As much as I adore Roswell, despite it’s damaging relationships, I must admit that the real failing is in the terribly inconsistent and indecisive writing. First and foremost, there’s a confusing amount of longingly staring through windows for a show with a “they’re among us” primary plot… as in so much that you’re not really sure if you’re watching a science fiction show at all, sometimes. Additionally, there’s definitely an element of “Where are their parents?!?!”, specifically with Max and Isabel, who play siblings who were adopted by the perfect upper-middle class family and Liz, whose parents own and literally live in the restaurant that serves as their hangout. These teenagers take off for days and even weeks at a time, with little to no explanation, and no one notices. While there is a weak effort to address this by assigning Maria a free-spirited former teen mother who somewhat “gets” her daughter’s behavior and Michael being an emancipated minor, parents in Roswell only really exist to further the storyline. I cannot understand why these shows still star teenage characters. Why not tell the same story starring characters the age of the actors portraying them, in their late teens and early twenties? They’d still be relatable, but the parents that are so lazily written out would no longer be an obstacle.

There’s also the origins and powers of the aliens to address. Historically, the alleged spaceship crash occurred in 1947, which Roswell acknowledges by stating that the four aliens were incubated in a form of cocoon for 42 years before emerging as six-year-olds, who were discovered walking naked and alone in the dessert. It’s quickly noted, though, as a major and recurring plot point, that the aliens don’t have human blood and any sampling of their DNA risks exposure. I’m not a social worker, but I’m pretty sure any child found abandoned in the dessert is undergoing extensive medical testing to verify health and potentially track down parents. Yet Max, Isabel, and Michael have gone ten years without a single blood draw.

As for their powers, it’s explained that the aliens can “manipulate molecular structures.” Well, isn’t that… insanely broad. Despite these seemingly limitless powers, we see the aliens struggle constantly, even declaring that they don’t all have certain abilities, such as healing wounds, which would fall decidedly under manipulating molecular structures. Ultimately, it’s revealed that the aliens are actually alien/human hybrids who have been engineered to use the full capacity of the human brain and that that’s where the powers originate. I’ll ignore the flawed science there and note that later in the show, we find out that with the help of a mysterious structure called the Granolith, the aliens can actually time travel or even return to their home planet where even humans can apparently survive just fine. The scope of these alien powers fluctuates endlessly throughout the show, with some new ones developing while old ones are simultaneously forgotten. For example, two characters rob a store without bothering to change anything about their appearance, which would not only fall under manipulation of molecular structures, but also buying a wig.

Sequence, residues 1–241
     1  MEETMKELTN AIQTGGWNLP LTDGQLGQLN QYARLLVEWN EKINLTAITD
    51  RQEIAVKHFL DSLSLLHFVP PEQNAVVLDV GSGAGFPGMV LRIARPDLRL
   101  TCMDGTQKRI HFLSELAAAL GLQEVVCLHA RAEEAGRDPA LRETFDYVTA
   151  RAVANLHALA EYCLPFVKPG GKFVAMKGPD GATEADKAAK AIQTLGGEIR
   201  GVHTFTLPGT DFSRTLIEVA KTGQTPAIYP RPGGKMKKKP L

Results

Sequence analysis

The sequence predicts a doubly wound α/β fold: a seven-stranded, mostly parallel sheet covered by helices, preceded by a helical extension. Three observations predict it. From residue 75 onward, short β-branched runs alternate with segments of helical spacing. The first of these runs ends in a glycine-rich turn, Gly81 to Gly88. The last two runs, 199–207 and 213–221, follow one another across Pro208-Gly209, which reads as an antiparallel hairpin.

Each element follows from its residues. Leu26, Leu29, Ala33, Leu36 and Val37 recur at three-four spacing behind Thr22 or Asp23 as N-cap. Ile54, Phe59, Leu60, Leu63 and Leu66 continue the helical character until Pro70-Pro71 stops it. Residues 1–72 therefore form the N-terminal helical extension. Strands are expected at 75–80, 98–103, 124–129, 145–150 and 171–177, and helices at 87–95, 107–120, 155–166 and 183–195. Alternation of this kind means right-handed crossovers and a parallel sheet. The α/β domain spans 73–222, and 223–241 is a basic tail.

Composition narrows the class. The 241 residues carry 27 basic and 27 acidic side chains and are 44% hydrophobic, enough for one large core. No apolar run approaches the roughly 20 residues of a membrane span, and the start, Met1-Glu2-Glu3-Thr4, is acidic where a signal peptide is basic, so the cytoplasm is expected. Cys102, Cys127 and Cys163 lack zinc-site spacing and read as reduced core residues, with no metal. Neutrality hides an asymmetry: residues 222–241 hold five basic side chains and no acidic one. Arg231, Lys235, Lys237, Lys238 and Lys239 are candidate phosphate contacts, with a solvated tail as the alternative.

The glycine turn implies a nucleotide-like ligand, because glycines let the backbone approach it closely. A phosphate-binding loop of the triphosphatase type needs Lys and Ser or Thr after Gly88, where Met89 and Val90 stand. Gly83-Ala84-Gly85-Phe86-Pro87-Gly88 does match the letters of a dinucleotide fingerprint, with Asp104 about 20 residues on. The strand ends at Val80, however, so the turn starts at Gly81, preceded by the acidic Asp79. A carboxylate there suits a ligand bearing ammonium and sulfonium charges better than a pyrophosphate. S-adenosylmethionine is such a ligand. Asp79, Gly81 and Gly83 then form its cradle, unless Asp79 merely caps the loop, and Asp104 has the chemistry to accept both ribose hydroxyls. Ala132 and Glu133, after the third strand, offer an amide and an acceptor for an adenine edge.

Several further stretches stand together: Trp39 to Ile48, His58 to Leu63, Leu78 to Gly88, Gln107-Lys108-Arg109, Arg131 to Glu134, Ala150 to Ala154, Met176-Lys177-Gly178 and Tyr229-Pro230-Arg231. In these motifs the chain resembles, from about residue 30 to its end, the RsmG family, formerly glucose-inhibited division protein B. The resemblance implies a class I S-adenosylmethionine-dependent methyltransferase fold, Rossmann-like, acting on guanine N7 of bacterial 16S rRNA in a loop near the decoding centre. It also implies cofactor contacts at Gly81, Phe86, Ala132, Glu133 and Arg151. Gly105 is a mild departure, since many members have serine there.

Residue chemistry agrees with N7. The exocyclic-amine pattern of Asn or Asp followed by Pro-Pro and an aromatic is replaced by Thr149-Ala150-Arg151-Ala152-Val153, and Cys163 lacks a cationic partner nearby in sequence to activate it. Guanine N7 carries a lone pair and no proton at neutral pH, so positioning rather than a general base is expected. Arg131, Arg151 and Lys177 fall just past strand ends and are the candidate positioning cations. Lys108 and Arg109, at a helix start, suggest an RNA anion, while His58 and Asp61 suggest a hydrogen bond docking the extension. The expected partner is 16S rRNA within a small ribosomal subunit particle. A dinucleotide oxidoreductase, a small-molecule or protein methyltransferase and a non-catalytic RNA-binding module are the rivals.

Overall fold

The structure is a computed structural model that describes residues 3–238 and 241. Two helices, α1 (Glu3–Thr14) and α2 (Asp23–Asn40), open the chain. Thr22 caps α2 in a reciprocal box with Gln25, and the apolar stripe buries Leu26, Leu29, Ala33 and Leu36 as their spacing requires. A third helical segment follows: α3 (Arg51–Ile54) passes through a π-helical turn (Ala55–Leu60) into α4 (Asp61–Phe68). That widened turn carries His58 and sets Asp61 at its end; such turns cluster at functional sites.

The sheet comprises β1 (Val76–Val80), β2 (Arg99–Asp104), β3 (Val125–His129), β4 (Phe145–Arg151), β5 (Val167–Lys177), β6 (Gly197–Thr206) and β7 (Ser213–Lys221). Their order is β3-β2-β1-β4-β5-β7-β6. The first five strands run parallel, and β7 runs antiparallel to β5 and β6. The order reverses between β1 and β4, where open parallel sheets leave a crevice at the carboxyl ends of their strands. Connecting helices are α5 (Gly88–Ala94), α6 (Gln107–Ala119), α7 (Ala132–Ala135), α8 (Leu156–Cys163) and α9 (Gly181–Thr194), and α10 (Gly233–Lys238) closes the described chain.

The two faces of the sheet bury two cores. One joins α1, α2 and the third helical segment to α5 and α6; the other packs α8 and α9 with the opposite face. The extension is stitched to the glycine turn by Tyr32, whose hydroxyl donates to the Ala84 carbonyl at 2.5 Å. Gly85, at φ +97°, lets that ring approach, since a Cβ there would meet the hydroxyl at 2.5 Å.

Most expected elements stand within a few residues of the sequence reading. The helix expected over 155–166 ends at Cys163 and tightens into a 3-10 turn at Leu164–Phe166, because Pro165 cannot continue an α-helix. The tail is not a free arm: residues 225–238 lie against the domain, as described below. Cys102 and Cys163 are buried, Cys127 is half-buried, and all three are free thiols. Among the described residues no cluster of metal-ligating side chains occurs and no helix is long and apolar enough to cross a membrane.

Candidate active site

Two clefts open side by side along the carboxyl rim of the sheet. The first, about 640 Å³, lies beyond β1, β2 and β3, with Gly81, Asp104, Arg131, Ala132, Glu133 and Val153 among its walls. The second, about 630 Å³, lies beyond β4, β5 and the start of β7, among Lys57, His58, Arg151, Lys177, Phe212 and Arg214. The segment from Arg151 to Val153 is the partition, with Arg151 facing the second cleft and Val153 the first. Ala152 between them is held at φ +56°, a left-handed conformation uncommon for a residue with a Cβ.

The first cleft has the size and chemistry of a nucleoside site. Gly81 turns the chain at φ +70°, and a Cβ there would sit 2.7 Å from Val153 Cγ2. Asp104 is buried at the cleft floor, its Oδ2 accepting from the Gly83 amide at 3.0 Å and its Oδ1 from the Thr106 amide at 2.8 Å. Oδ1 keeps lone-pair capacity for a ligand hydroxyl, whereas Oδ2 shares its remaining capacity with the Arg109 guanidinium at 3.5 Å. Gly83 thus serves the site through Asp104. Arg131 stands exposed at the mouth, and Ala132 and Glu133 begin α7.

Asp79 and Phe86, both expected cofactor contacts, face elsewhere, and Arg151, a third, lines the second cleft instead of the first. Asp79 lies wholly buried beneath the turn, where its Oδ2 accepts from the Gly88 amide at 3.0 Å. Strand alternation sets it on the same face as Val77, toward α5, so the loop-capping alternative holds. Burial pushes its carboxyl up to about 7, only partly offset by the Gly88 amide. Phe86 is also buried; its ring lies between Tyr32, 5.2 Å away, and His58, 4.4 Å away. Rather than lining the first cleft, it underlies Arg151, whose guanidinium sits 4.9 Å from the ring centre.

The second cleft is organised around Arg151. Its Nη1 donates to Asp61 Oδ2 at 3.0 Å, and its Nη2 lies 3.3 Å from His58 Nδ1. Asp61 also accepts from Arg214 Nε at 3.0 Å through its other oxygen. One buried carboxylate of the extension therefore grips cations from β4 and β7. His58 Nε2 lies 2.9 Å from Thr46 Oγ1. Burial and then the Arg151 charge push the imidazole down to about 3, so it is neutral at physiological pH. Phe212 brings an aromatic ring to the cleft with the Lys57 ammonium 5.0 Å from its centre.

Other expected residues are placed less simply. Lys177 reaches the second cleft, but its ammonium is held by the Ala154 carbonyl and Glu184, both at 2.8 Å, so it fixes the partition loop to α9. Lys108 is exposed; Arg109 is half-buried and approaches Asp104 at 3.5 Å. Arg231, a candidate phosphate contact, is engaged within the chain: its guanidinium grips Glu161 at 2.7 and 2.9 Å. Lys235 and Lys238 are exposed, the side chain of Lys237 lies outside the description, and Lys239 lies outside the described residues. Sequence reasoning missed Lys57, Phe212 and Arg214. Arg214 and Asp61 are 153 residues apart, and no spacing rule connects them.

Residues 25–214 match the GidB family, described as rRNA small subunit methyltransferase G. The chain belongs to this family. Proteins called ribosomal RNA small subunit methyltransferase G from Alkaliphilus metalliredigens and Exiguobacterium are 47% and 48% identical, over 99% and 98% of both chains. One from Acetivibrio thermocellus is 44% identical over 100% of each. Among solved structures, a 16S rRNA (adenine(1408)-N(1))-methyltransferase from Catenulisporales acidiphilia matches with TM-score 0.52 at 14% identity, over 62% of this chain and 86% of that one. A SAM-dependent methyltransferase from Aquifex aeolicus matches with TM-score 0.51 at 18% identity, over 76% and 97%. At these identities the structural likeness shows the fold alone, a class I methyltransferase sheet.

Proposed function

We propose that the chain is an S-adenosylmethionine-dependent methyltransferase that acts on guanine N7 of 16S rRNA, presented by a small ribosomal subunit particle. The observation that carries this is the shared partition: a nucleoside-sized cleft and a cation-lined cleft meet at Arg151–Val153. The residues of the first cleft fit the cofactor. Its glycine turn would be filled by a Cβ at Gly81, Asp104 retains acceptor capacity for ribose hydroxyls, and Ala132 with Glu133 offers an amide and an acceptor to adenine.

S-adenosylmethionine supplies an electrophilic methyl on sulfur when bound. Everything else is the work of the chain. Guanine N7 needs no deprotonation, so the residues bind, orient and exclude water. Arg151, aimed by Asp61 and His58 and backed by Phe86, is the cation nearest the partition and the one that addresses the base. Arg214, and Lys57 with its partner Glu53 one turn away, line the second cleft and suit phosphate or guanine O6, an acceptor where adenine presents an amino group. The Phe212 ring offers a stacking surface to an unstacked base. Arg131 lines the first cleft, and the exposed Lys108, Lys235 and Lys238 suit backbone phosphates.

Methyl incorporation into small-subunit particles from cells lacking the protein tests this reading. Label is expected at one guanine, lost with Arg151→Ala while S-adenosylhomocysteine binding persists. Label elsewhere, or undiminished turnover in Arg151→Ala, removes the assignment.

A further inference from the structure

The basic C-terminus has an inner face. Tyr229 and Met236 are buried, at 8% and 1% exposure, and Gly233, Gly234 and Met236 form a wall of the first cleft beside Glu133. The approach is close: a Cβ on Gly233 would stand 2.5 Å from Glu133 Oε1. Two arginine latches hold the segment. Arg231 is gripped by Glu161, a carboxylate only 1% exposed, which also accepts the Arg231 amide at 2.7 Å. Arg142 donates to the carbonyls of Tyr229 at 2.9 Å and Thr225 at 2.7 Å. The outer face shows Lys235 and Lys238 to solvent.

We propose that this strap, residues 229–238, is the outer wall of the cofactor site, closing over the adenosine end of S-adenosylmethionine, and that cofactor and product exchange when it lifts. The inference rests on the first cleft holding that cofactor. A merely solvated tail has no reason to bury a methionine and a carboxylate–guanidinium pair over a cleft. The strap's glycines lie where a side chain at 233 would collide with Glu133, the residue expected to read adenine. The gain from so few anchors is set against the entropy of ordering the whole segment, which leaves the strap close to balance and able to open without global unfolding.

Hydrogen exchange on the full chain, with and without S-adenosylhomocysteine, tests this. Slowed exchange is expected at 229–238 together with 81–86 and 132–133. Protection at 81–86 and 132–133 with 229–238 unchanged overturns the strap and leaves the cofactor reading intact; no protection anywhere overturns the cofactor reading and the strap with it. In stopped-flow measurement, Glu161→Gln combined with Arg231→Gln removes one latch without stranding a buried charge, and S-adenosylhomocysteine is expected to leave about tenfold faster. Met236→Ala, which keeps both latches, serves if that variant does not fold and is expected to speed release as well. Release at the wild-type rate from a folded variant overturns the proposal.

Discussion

Overall, the plots of Roswell are just inconsistent and baffling, with the local police acting as the first enemy, before the sheriff joins the team when the FBI becomes the primary enemy until they… just lose interest? The main villain then shifts to an alien race serving the ruler of the alien’s home planet, who they defeat… with essentially no trouble at all.

A major and unresolved plot point occurs in season two, when Liz finds out from Future Max that she must end her relationship with him before Tess leaves, leading to the destruction of the world in 2014, Liz feigns cheating to turn Max away from her… even though Tess ultimately leaves anyway, pregnant with his child, after she betrays the group and the world is… fine. Perhaps the enemies Tess helped kill so easily were the only real threat and simply took their sweet time attacking over the course of 14 years.

In season three, with other aliens as a whole conveniently a threat of the past, Max searches for a way to retrieve his son and faces a much less impressive variety of villains, such as an old lady who wants him to heal her husband, municipal law enforcement, and eventually the FBI, a seemingly far less threatening force at this point in the show.

Roswell is just generally all over the place, fraught with manufactured and often inconclusive drama, starring actors who are of a completely inappropriate age for the roles they play… and I love it. I have no idea how many times I’ve seen this show, but maintain every confidence that the number will triple over the course of my life. I know it’s crap and I just don’t care. Thirty-four-year old Belle might not obsess over this show as much as 12-year-old Belle did, but it will forever maintain a place in my heart as one of the only real bits of solace I had during middle school.